KRUGMAN: This is clear. I actually have a lot of sympathy for the president on this. It's clearly -- this was not like Iraq. This was not a gung-ho president who wanted to win himself some military glory. There is going to be no landings on aircraft carriers for this one, right? This was something where he was dragged in. He was dragged in by the spectacle of a looming humanitarian disaster.
And it's very, very hard -- it's hard both directions. I think if you actually look at the people like me who are very opposed to Iraq, we're actually very divided. And in many cases divided within ourselves, as I am. But this is -- this was not easy. Of course there's no clear end game. This was something where pulled in by events.
I think the president's speech wasn't very effective because I'm pretty sure he's internally divided too. But I think that's to his credit.
CLARKE: Wow. Maxwell Taylor, who President Kennedy brought back to look at Vietnam did this amazing speech in which he said, when you look at these things, the commitment of forces, you better be able to explain to the man in the street in a simple sentence or two what you're trying to accomplish.
I could pick 500 people off the street and say what are we trying to get done in Libya? They would not be able to answer that question. I don't know what the answer to that question is.
AMANPOUR: One of your former colleagues in the Bush administration, Megan Sullivan, has just written an op-ed...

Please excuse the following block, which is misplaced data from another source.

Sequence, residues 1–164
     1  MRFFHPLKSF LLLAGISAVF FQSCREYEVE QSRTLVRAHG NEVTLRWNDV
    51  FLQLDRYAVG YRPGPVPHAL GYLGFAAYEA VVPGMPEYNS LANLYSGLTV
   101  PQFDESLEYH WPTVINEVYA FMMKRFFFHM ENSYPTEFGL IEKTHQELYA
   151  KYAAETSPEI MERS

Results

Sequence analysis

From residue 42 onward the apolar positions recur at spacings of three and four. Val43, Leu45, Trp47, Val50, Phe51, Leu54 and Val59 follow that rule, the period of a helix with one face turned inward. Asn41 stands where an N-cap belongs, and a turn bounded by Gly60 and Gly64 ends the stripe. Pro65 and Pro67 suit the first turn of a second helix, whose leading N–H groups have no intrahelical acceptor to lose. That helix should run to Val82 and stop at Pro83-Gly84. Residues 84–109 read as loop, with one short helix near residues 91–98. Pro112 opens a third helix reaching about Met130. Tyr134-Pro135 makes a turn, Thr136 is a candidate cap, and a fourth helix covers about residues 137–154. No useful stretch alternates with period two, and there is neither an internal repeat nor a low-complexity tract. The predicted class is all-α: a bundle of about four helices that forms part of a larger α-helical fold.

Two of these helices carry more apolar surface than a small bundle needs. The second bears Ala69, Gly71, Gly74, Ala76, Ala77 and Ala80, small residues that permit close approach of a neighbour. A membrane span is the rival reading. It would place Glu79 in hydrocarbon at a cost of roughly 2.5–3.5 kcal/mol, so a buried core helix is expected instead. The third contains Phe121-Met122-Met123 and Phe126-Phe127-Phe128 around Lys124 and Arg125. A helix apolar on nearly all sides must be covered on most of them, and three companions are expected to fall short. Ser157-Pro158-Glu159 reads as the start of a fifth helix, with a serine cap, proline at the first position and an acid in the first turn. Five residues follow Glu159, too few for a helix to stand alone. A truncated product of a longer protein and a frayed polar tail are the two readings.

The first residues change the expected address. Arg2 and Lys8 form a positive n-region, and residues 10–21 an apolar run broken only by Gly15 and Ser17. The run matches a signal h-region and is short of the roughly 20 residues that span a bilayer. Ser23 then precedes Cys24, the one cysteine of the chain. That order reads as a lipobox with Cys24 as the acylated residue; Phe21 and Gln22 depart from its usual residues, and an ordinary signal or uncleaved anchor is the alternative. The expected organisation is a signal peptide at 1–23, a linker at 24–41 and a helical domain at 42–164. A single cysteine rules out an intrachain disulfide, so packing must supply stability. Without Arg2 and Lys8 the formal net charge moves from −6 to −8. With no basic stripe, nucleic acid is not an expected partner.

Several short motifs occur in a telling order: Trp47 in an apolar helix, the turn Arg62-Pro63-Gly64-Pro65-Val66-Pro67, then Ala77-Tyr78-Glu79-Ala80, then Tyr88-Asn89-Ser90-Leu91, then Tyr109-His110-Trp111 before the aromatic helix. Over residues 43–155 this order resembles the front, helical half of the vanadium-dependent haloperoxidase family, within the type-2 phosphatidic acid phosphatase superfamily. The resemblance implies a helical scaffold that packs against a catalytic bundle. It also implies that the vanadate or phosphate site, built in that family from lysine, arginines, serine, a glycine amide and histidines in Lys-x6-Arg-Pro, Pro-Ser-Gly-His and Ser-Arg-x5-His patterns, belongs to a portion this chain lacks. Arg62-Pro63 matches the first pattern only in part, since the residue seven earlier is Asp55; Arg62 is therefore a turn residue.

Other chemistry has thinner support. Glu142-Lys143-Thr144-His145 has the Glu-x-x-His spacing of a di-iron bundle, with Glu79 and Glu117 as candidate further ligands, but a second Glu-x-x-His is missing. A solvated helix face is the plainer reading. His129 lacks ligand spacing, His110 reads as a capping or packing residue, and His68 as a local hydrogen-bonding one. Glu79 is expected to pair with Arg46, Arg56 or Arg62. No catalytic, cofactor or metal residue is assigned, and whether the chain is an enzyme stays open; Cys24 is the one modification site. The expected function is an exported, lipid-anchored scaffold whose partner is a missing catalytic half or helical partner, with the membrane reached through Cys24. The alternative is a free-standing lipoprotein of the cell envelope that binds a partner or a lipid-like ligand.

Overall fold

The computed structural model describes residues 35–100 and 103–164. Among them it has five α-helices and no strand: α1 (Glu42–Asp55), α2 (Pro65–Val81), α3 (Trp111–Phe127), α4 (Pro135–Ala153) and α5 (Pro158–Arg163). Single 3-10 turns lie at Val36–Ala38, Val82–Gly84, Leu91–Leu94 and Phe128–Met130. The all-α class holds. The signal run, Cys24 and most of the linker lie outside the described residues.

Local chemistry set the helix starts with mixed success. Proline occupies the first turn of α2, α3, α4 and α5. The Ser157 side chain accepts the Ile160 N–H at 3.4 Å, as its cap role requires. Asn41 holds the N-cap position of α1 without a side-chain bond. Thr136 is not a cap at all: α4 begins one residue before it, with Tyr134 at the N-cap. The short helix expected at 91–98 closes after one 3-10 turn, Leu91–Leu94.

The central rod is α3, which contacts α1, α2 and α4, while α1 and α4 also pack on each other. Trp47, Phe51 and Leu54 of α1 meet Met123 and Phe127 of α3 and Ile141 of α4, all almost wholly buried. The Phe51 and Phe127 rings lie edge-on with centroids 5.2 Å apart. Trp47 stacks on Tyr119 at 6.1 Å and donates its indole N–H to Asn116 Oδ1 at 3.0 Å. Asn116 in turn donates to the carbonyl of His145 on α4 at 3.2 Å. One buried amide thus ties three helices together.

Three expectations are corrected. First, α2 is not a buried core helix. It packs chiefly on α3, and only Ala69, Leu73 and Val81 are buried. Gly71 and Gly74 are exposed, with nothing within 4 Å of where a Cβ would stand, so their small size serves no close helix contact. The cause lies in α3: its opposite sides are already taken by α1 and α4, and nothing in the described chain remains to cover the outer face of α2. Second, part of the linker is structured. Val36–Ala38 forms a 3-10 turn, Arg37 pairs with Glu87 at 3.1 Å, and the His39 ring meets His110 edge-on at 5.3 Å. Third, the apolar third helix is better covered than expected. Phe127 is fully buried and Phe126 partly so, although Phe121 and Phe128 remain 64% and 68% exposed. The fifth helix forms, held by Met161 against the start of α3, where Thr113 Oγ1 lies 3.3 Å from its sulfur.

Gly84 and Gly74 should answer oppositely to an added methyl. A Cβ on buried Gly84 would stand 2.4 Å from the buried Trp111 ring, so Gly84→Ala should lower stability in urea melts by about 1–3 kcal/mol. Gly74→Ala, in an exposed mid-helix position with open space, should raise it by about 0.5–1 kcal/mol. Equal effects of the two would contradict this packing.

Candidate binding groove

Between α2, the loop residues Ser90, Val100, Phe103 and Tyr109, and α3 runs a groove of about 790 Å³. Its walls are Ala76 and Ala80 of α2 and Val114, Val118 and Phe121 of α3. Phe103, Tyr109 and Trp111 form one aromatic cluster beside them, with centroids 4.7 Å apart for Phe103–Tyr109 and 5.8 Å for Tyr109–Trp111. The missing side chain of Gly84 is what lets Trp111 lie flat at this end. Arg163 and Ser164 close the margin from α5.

CLARKE: Smart piece.
AMANPOUR: ...saying that it could be Obama's Iraq. I mean, is that completely fantastical or is that possible?
CLARKE: I think, with all due respect for all these brilliant people sitting around the table, I think anybody that says they know is either stupid or lying. We don't know.
CLARKE: You're either going to be stupid or lying. So go ahead.
IGNATIUS: The unknowns are scary. Secretary of Defense Gates said to me and then on your show, I think, the shows -- this is dark territory. We don't see what is down there. I think there's reason not to worry this is spinning off to an Iraq. There are not the tens of thousands of troops on the ground.
AMANPOUR: Do you think Gadhafi will go?
IGNATIUS: I think the White House strategy today is to seek what one person described to me as regime implosion. And that is happening. This regime that requires cash to survive. The cash basically is cut off. This is a regime that has a small inner circle of people close to Gadhafi. One by one, they're leaving. They're going to London. They're defecting to Egypt.
AMANPOUR: Well, really two biggies.
IGNATIUS: Well, there are more on the way. I have been told another senior cabinet minister has already made his deal and will be out soon.
The point is we're picking off elements around Gadhafi. The hope is that he'll end up as the mayor of Tripoli. Is that a realistic hope? Hard to say, but it's not -- I wouldn't rule that out as impossible.
AMANPOUR: Or a safe area around Benghazi for maybe 12 years like we had with Saddam Hussein in Kuwait -- in Iraq rather.
KRUGMAN: Well, the parallel with the Kurdish protection after the first Gulf war is a better parallel. And that was not ideal, but it was not such a terrible thing either.
AMANPOUR: We have to go. Everybody, thank you very much. And this conversation continues in the Green Room. You can watch at abcnews.com/thisweek.